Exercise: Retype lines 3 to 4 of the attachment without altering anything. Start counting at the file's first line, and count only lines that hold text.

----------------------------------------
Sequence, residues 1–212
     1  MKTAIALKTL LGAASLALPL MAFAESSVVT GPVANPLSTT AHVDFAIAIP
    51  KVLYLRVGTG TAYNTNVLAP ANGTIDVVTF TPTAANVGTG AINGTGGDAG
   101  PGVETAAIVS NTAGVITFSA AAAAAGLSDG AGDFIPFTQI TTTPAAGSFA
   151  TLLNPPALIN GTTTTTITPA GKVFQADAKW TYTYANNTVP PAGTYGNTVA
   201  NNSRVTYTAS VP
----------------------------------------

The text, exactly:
    51  KVLYLRVGTG TAYNTNVLAP ANGTIDVVTF TPTAANVGTG AINGTGGDAG
   101  PGVETAAIVS NTAGVITFSA AAAAAGLSDG AGDFIPFTQI TTTPAAGSFA